In some embodiments, users can update placement preferences over time, for example, in response to changing performance needs, system conditions, or other reasons. A user, for example, can use a GUI as described above to select a previously defined set of placement preferences, provide additional input specifying one or more modifications to the existing placement preferences (for example, by modifying associated weights, relative preference priorities, and so forth), remove or add placement preferences, or make other changes that can be saved as an updated set of placement preferences. In some embodiments, a set of defined placement preferences can be copied and applied to one or more other physical server pools or fleets of dedicated physical servers associated with a same or different user of a provider network 100.

Upon receiving user input specifying one or more placement preferences, in some embodiments, the interface(s) 108 sends one or more messages to the CM frontend 109, as indicated at the triangle labeled “B.” The messages can include information identifying the user and the placement preferences specified by the user. In some embodiments, the CM frontend 109 offloads a portion of the operations associated with managing the provider network from the CM backend 112 to reduce the workload of the CM backend 112. In some embodiments, at the triangle “C,” the CM frontend 109 sends messages indicating the placement preferences to the placement service 114. In other embodiments, the input specifying the placement preferences is sent directly to the placement service 114 via the interface(s) 108 without involving a CM frontend 109.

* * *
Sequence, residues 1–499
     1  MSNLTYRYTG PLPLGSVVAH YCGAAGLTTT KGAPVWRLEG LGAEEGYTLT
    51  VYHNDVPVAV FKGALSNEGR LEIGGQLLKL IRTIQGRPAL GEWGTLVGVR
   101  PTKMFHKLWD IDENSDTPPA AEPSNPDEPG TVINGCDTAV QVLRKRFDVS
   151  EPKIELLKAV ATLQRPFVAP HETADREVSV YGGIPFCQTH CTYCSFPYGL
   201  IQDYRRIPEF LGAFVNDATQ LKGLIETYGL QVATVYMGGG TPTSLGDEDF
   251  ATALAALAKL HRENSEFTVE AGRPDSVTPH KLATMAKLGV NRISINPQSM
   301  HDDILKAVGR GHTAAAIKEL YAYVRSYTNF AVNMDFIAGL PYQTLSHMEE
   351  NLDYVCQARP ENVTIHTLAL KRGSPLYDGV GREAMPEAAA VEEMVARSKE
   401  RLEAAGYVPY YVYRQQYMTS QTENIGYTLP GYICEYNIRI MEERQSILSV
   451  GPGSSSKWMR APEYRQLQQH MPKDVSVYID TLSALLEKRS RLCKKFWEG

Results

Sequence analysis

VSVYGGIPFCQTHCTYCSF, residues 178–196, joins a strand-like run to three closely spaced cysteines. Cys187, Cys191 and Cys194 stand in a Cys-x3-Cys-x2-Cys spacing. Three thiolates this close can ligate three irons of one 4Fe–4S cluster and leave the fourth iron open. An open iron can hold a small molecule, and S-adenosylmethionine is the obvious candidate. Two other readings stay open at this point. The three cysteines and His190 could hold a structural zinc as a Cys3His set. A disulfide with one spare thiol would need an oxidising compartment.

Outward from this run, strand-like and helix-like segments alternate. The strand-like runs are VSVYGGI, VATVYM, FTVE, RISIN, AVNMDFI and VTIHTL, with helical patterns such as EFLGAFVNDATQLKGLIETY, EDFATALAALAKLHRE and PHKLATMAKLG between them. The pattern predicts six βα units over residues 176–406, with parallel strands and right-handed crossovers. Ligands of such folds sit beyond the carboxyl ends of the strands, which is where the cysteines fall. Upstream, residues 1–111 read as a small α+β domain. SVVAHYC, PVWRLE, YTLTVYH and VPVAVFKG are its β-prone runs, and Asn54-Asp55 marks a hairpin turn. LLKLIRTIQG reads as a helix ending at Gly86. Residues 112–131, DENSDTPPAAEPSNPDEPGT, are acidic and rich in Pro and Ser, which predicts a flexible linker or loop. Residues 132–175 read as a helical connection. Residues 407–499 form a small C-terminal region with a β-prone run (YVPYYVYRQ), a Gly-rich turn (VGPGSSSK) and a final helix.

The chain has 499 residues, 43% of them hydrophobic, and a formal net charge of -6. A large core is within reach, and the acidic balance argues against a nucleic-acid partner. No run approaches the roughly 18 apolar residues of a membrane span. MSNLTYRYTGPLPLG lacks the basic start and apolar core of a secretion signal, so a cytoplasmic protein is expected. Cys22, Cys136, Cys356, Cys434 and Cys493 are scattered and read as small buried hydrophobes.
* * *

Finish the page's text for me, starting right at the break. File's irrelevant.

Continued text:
At the triangle “D,” the placement service processes the messages and stores a representation of the user-specified placement preferences. The specified placement preferences, for example, may be stored in a data store (for example, a CM data store 124) in association with an identifier of the requesting user and further in association with an identifier of the relevant fleet or fleets of dedicated physical servers (or one or more defined pools of servers within a fleet of dedicated physical servers). In some embodiments, the stored placement preferences can be represented as a weighted decision-matrix, or other data representation that enables the placement service 114 to rank candidate slots at the physical servers, as described herein in relation to an example placement request.